When batsmen are allowed to switch hit the ball for a six, would bowlers be wrong in demanding to be allowed a variation of their own? Like bowl a bouncer to dissuade batsmen? The iTV Network’s panel of three spinners–Amit Mishra, Danish Kaneria and Monty Panesar–said spinners will bowl bouncers sooner or later in T20 format to counter switch hits. Amit Mishra said a bouncer can surprise a batsman but won’t be very effective. It’s better if bowlers work on their quality and improve variations, he said. Agreeing with Mishra, Danish Kaneria said using a bouncer should be the last resort for spinners.
But soon we will see bowlers like R. Ashwin, Adam Zampa and Imad Wasim using bouncers to good effect, he said. The Pakistan spinner cited the example of Shane Warne, who resorted to quick balls in Test cricket to fluster batsmen. Monty Panesar, the English spinner, differed. He said spinners can use bouncers but also remembered being taken to the cleaners when he bowled bouncers to show his anger. All three spinners admitted that while bowling this kind of delivery, they have to signal the wicket-keeper for this kind of ball because bouncers can cause problems for the keepers if they are standing close to the stumps. The three also differed on the use of saliva. With a debate being waged on the safety of using saliva to shine the ball in the aftermath of Covid-19, Cricket Australia has banned the use of saliva and sweat on the cricket ball.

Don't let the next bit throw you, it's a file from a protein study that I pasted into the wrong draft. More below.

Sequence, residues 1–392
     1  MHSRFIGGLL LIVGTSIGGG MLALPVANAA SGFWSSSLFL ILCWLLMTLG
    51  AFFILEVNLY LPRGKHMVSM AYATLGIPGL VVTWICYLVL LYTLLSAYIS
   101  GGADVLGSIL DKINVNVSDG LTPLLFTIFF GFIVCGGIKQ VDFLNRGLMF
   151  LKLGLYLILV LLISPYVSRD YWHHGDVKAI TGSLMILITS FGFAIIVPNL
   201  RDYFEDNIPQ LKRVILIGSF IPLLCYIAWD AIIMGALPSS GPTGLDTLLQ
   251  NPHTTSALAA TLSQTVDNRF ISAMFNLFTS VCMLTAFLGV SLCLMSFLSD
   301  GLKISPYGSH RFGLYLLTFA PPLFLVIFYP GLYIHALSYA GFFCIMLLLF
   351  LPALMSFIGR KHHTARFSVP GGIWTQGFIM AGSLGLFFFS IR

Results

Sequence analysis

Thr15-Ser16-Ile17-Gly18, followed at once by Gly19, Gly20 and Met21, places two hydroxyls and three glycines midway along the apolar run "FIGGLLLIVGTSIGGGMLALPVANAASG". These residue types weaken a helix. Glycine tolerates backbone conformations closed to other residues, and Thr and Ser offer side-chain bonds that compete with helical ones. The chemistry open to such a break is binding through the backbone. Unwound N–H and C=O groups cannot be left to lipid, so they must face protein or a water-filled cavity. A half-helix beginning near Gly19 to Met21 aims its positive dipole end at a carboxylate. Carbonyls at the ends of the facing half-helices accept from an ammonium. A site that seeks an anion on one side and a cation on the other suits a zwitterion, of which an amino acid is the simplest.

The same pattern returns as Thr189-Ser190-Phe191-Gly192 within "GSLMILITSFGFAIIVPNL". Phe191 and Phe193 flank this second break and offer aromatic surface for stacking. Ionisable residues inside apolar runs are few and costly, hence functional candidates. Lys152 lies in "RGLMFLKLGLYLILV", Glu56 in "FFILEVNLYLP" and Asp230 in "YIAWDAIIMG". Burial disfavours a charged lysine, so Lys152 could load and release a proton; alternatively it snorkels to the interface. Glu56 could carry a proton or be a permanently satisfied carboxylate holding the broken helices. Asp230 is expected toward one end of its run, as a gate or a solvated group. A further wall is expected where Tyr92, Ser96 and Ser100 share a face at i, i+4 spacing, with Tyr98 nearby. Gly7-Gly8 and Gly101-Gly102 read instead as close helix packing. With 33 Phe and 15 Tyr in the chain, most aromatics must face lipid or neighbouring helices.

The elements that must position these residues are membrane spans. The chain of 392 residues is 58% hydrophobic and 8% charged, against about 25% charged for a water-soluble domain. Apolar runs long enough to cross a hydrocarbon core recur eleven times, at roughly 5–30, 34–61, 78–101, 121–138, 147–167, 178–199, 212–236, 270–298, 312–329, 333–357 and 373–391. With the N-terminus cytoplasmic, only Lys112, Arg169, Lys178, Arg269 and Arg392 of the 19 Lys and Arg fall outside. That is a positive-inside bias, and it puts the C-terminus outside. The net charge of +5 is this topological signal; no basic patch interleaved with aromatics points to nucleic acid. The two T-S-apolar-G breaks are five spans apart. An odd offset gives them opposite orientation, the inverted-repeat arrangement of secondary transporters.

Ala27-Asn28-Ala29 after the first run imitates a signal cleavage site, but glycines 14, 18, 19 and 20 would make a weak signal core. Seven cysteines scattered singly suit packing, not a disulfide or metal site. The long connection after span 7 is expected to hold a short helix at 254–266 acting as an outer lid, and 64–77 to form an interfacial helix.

Leg spinner Amit Mishra said cricketers should be tested for Covid-19 and added the leather used for the ball should be such that it does not carry any infection. Kaneria said that it will be very hard for players not to use saliva and without it, leg spinners will especially face difficulties to drift the ball in Test matches. Panesar said there should be an alternative to saliva while supporting Cricket Australia’s ban on use of saliva.